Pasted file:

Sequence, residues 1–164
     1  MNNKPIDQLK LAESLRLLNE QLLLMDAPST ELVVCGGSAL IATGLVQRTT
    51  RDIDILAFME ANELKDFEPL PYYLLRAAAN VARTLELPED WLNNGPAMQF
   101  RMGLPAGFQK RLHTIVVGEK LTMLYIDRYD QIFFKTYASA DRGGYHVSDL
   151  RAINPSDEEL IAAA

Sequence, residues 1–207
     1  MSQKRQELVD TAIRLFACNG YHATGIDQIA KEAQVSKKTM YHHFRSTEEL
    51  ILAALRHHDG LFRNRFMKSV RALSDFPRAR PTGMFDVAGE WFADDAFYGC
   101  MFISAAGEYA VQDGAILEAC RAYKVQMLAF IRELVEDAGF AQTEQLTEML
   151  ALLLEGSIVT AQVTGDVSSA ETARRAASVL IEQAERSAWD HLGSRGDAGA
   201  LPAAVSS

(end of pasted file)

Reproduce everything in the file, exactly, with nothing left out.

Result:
Sequence, residues 1–164
     1  MNNKPIDQLK LAESLRLLNE QLLLMDAPST ELVVCGGSAL IATGLVQRTT
    51  RDIDILAFME ANELKDFEPL PYYLLRAAAN VARTLELPED WLNNGPAMQF
   101  RMGLPAGFQK RLHTIVVGEK LTMLYIDRYD QIFFKTYASA DRGGYHVSDL
   151  RAINPSDEEL IAAA

Sequence, residues 1–207
     1  MSQKRQELVD TAIRLFACNG YHATGIDQIA KEAQVSKKTM YHHFRSTEEL
    51  ILAALRHHDG LFRNRFMKSV RALSDFPRAR PTGMFDVAGE WFADDAFYGC
   101  MFISAAGEYA VQDGAILEAC RAYKVQMLAF IRELVEDAGF AQTEQLTEML
   151  ALLLEGSIVT AQVTGDVSSA ETARRAASVL IEQAERSAWD HLGSRGDAGA
   201  LPAAVSS